Turning Over the Soil

Tab 1

November 14, 2016


 Increasing farming income with a little help from The Private Client Reserve.

 

Following the patriarch’s death, a family in southwestern Minnesota faced a difficult farm management situation.


The family’s CPA, who became lead trustee and manager of the farm, didn’t have the agronomical and economics background to properly take care of the family farm, including negotiating leases. This caused the mother and one of her three daughters to question whether they were getting a fair profit for their farmland. Meanwhile, the other two daughters were more concerned about the tenants. All of this created family friction.

 

The family turned to U.S. Bank for advice and support. After learning about the situation, Barry Kelner, Personal Trust Relationship Manager at U.S. Bank Wealth Management,

engaged Jim Myhra, Managing Director of Farm, Ranch & Timber Management at U.S. Bank, as well as a team of other experts, to step in to take over as trustee and farm manager for the family. This team was tasked with providing farm management services administration and asset management for the family’s farm and non-farm assets.

Tab 2

November 14, 2016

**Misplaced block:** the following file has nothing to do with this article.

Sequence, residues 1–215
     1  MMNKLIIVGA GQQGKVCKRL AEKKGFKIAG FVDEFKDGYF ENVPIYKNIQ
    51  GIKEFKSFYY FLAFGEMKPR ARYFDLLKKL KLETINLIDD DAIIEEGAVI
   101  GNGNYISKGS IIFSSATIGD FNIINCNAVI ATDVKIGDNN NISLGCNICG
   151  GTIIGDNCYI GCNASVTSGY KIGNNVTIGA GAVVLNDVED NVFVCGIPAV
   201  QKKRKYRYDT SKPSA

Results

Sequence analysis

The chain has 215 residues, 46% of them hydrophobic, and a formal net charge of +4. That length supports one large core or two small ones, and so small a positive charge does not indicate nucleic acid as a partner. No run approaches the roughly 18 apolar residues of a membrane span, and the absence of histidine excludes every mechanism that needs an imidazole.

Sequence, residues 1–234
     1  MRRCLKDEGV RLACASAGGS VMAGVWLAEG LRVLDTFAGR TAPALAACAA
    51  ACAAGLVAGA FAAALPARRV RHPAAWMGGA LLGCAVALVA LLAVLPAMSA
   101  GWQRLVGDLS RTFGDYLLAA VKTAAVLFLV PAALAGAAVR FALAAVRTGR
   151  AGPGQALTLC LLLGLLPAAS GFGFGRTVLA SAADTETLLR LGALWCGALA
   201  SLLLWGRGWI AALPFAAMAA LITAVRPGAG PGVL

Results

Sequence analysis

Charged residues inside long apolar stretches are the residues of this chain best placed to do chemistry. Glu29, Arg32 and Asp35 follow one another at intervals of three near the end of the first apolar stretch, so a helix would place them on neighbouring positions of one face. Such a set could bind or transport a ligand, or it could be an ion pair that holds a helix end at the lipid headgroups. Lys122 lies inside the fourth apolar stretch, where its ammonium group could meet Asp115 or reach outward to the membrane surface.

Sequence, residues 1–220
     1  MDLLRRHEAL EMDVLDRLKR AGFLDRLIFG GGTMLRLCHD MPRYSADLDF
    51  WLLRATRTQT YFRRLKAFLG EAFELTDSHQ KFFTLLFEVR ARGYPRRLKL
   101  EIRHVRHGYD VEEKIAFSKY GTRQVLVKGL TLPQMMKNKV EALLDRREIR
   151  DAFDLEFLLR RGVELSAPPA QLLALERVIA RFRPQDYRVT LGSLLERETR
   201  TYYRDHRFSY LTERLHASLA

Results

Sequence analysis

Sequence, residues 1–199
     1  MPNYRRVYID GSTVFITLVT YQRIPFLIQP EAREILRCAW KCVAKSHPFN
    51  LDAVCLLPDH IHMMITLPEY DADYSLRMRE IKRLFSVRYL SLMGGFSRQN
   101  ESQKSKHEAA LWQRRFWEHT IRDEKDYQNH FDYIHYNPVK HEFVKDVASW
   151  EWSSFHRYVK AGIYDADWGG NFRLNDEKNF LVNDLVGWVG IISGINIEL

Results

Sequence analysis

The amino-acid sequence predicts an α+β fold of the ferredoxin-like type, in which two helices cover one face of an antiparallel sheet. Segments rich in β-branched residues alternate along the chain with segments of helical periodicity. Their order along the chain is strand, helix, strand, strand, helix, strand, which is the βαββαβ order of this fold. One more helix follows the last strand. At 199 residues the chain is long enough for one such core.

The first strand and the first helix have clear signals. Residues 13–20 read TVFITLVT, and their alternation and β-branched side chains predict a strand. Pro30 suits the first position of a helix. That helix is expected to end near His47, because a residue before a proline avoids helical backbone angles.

“This client’s situation is an example of what many families go through when a parent dies,” explains Myhra. “The kids might not share the same viewpoints, and conflicts can arise. We can take some of the stress off their shoulders by managing with an unbiased point of view. We are experienced with working through family dynamics and stressors that can arise when family members are put into the position to manage an asset such as a farm.”

 

Myhra’s farm management team embarked on a mission to potentially increase the family’s farm rental in come and enhance the soil stewardship management. An ancillary issue was to decrease their insurance expense. Their first order of business: a site visit.

During that first visit, Myhra carefully inspected the farm to assess crop production potential and any fertility and drainage issues. Although a visual assessment suggested that the farm had been well-maintained, a closer look unearthed a few improvements that needed to be made. “We found out that the previous trustee wasn’t doing soil testing,” says Myhra.

 

When it came time to negotiate the tenant’s lease, Myhra considered all of the costs that go into running a farm, such as expenses to grow a crop, and then he increased the price of each acre. This boosted the family’s farm rental income significantly, and the family was elated, Myhra says.

 

 

 

 

 

Tab 3

November 14, 2016


Myhra and his team also helped the family find an insurance policy from another provider that decreased the annual insurance payments while increasing coverage. In addition to negotiating leases and paying bills, they worked hard to maintain the farmland by obtaining soil tests every year, monitoring everything that goes into the soil and looking for visual signs of disease and nutrient deficiency in the soil. This is on top of fundamentals such as managing weed control, soil conservation and drainage management.


“The farm has been in the family for more than 50 years, so there’s an emotional tie there,” Myhra says. “It’s our responsibility to preserve the value of the land because it’s precious.”